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25 Cents’ Worth: In defense of millennials

Millennials: We are not entitled. We are frustrated and we have every reason to be.

I’ve heard the phrase, “Iba na talaga ang kabataan ngayon,” one time too many. I’ve heard it from my parents, my grandparents, my titos and titas, my professors, and even the occasional jeepney driver. I know I’m not the only one who has experienced this, and surely our elders mean well, but it can only be said enough times until it gets annoying. And why is that? Because it’s usually followed by, “Ang tatamad! Marunong na sumagot! Mga walang respeto!”

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Sometimes, it takes me a couple of breaths to collect the strength to just walk away without a retort, but I wonder how many times I’ve regretted not defending myself because of how wrong and unreasonable adults can sometimes be.

To be fair, it is true: Talagang iba na ang kabataan ngayon. No one’s denying it. The youth of today are very much different from the youth of past generations, but that isn’t necessarily a bad thing.

Writing this article, for one, is already walking on thin ice, with the possibility of being called a know-it-all for touching up on a subject that’s been overused, maybe even sensitive. But what’s even worse is that the first thing that came into my head when I started writing this was, “Wait, I’m a millennial,” followed by the guilt and fear of being judged. How many people, upon reading this, would scoff at the idea of a millennial trying to prove a point?

“Millennials are waaay too opinionated!”

The Me-llennial Generation (because, according to them, it’s all about me, me, me!) has a bad reputation because we are stereotyped as privileged, lazy, numb, indifferent, incurious, narcissistic, and self-absorbed. Sometimes you just want to roll your eyes, but on most days you want to stand up and tell people how wrong they are about millennials.

It’s never right to generalize an entire generation based on a couple of negative accounts. If you encounter one lazy, self-absorbed teenager, it does not mean that every other teenager is also lazy and self-absorbed. This is a no-brainer and does not need to be expounded on any further. Insufficient samples do not lead to conclusions.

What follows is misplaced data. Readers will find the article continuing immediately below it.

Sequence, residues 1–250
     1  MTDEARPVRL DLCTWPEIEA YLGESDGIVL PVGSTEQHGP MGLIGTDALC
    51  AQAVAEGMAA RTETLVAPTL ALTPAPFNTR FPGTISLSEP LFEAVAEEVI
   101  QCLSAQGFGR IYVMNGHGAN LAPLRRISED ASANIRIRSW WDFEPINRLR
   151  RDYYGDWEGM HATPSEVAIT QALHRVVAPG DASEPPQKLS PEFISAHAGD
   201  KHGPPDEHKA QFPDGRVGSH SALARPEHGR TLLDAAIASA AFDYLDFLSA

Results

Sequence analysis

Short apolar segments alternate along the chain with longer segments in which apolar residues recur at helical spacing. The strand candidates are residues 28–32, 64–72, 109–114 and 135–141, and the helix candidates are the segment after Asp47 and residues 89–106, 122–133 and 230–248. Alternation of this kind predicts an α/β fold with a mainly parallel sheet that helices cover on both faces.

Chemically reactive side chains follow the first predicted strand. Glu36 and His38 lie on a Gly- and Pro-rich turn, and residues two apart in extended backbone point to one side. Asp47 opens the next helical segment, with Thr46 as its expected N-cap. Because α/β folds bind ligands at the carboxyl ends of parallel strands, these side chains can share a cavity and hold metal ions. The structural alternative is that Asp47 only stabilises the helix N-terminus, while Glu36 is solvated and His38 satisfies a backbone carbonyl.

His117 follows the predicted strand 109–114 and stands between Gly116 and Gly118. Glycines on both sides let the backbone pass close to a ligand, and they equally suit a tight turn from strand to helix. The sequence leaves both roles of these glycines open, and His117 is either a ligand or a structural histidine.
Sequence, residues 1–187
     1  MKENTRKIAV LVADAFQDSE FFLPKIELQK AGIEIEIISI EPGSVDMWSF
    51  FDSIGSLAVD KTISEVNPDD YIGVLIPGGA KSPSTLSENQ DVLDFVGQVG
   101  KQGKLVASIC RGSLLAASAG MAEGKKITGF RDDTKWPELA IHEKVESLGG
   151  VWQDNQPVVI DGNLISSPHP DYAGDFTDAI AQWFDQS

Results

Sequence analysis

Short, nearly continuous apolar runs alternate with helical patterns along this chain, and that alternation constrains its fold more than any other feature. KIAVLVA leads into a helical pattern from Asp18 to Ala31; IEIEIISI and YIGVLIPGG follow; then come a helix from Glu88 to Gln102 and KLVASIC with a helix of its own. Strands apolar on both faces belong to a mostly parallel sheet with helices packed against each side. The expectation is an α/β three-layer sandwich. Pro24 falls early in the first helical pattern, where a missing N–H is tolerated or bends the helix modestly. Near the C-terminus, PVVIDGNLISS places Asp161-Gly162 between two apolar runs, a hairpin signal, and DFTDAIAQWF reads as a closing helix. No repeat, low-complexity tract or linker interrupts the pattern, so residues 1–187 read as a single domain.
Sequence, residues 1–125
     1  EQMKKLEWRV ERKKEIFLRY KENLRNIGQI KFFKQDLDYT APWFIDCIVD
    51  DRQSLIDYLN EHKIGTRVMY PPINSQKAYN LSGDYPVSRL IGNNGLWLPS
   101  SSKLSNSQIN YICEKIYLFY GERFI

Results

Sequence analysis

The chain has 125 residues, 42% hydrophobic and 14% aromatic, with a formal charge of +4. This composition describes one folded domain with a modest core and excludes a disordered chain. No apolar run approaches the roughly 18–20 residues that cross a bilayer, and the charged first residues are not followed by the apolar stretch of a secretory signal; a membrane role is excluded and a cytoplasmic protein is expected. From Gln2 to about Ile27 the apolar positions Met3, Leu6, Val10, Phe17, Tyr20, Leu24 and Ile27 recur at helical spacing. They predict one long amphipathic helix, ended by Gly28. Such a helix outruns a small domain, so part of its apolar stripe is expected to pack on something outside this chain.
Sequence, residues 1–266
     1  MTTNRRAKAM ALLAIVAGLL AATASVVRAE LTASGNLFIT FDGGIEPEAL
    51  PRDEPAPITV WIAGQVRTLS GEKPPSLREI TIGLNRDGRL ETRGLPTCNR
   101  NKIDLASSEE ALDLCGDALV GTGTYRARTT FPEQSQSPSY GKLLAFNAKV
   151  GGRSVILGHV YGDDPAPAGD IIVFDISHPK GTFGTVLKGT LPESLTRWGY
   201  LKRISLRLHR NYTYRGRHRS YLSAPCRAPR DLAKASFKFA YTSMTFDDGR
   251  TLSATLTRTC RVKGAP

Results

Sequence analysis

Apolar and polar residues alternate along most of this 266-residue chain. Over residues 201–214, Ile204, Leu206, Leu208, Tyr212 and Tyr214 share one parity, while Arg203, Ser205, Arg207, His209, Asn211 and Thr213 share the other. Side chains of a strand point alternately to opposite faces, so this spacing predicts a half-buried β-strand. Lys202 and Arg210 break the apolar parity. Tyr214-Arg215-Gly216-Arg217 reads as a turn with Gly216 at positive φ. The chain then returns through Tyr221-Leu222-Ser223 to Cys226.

I believe that the backlash against millennials arise when older generations jump to stereotypes, because I have yet to hear a fellow millennial say, “Our generation’s degenerate.”

Gone are the days of, “I am right simply because I am your parent and I am older than you,” and “Do what I say because I say so.” This kind of outlook may have worked before, but it’s no longer the best approach that adults can take towards the younger generations. The worst thing an adult can do to the youth is to make them feel infantilized. The youth wants to be taken seriously. We want to be heard and we want a reaction.

Take, for example, the lionesses in the animal kingdom. Lionesses, as a pack, will roar and attack whenever one of their cubs is threatened. This is a fearless proclamation of protection for their young. These animals that are devoid of rational thought act this way purely out of instinct, so why do they react better towards their youngling’s cries than some actual adults?

All around us, the youth’s cries and voices are ignored and silenced by the very same people whom we thought would support us. This isn’t to say that our parents aren’t fiercely protective over their children in their own right. However, why is it that some grown-ups are so keen to prune our wings off without even first giving us the chance?

This is not a sob story of boo-hoo-hoo-no-one-ever-listens-to-me. It’s just tiring to hear the same thing about millennials over and over again because we are capable of so much more than we are given credit for.

One thing that I have noticed in DLSU is that most of my peers do not like hierarchies; we prefer spectrums and matrices. At some point, everybody wants to speak, to be heard, and to be a part of the bigger picture, whether it’s as mundane as reciting in class for the first time or as big as helping organize a fundraising activity, or advocating for a social issue in campus. We all want to be involved and to participate, and we want to do all these while being treated as equals.

Which brings me to my next point: Equality. My age group is the first time I have seen such a large collection of people so supportive and accepting of all kinds of human beings. Unlike the baby boomers who grew up in an era where racism was prevalent and homosexuality was considered a mental illness, it’s beautiful to see such a big group of individuals come together to celebrate and stand up for various advocacies.

Forget about everything you’ve heard about millennials: lazy, indifferent, entitled, numb, insensitive, and selfish.

We are self-focused, not selfish. We are self-interested because we know we must be. We have the freedom to be self-directed. We are not lazy; we focus on personal growth to figure out what we find meaningful in life, taking one day at a time. We are not numb; we are accepting. We are not indifferent; we are curious and open to change.

Grown-ups may say that our generation has a backwards and dumbed-down junk culture because our interests may deviate from the norm, but in Steven Johnson’s words, “Deviating from the norm has always been an old story. In fact, it’s where real stories begin.”

Cody Cepeda

By Cody Cepeda